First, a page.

Tencent, the dominant maker of China’s WeChat app, opened its WeChat to rivals’ links amid growing government scrutiny of the company’s potential penetration of the country’s communications and data-sharing sectors.
The company released a new WeChat version in China that allows companies and users to post links that appear to be from rival apps such as Facebook Inc.’s WhatsApp. As with earlier versions of WeChat, the links typically redirect users to the content on their main app.
“Everyone in the industry that has an internal content creation platform already has the capability of linking to others,” Zhu Hongpin, Tencent’s vice president of product management, said in an interview. “Our effort was more to encourage them.”
Since the announcement was made on July 24, around 100 companies — many of them firms not typically seen as competitors, such as internet giant Alibaba Group Holding Ltd. — have started using the new link to post content.
The government in late April said it would block cryptocurrency exchanges that aren’t registered with the state-run People’s Bank of China. Regulators in July ordered Tencent, the nation’s biggest social media platform, to improve its disclosure standards, including a requirement that user data be shared only with “qualified organizations.”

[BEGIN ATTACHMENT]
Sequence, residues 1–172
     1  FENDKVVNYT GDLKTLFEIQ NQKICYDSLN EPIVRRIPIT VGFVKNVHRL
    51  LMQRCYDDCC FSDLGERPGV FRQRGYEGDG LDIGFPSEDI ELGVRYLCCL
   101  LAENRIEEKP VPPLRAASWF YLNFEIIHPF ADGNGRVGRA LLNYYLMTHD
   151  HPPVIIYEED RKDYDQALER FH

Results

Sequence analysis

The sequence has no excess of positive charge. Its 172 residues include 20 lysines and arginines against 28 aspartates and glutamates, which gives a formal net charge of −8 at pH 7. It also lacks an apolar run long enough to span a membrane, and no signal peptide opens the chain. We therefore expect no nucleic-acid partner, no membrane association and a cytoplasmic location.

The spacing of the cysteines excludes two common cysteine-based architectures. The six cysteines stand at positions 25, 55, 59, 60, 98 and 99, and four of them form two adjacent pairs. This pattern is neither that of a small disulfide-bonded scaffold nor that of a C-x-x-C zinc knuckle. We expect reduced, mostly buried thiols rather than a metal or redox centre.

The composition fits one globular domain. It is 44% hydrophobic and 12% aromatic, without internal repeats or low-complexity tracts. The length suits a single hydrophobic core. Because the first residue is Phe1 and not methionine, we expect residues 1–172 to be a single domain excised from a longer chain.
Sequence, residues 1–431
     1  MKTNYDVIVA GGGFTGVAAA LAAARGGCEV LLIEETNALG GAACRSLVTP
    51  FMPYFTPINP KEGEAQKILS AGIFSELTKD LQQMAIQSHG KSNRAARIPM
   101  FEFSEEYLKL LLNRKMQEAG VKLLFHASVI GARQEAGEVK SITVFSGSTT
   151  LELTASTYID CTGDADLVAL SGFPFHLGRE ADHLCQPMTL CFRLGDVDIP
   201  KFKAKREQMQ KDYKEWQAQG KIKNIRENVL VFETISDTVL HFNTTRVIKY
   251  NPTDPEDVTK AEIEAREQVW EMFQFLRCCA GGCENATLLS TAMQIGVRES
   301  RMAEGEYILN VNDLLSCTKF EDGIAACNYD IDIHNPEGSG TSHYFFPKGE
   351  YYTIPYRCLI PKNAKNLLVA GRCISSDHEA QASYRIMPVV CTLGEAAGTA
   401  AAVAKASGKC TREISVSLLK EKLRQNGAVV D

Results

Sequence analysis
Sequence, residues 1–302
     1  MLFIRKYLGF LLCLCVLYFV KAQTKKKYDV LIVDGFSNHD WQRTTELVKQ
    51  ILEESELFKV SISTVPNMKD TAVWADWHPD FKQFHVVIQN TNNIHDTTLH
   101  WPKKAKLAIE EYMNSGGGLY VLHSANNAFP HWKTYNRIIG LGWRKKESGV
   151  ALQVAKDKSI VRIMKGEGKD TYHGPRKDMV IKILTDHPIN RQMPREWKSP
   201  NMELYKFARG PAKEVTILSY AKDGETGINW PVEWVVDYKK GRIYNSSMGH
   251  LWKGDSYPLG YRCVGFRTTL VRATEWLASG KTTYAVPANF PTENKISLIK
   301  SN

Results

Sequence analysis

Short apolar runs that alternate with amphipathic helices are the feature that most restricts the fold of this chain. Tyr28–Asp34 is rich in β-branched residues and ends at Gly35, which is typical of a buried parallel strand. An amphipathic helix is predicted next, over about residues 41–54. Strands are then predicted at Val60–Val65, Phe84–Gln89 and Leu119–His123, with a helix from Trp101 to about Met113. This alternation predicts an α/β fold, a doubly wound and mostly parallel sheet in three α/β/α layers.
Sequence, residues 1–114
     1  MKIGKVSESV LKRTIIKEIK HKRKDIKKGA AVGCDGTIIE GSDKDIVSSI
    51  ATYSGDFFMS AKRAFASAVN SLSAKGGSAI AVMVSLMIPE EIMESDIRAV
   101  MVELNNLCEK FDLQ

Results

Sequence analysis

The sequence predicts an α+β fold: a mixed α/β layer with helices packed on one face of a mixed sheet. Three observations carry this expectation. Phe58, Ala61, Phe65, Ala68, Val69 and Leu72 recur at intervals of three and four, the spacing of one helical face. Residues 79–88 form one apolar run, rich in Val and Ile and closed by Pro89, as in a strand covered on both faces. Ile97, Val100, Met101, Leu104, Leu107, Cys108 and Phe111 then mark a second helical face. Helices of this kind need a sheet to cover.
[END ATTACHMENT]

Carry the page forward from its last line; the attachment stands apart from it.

WeChat, which has roughly one billion users, provides a central place to conduct transactions and updates for its online community. Its growth has followed that of China’s smartphone market, which has increased by more than a quarter in the past year.
“We believe this has also been a deliberate strategy to influence corporate governance issues, such as pressure from regulators to bring other apps and email systems into compliance with existing Chinese regulations,” said Alex Yao, an analyst at JL Warren Capital in Shanghai.
Tencent was forced to close its 730,000 VPN services and move staff into co-working spaces to avoid a crackdown. The firm is also trying to control the flow of personal data for WeChat’s more than two billion users, after local regulators last year stripped it of a legal basis for storing users’ personal information.
It also serves as a hub for ad targeting, anti-monetization and social interaction, exposing it to mounting scrutiny from government regulators and existing corporate relations. The company is changing its terms and asking more users to log in before sharing any information.
Tencent’s networks could not always be trusted when it first launched the platform, Chairman Pony Ma said in a recent interview.
— Bloomberg News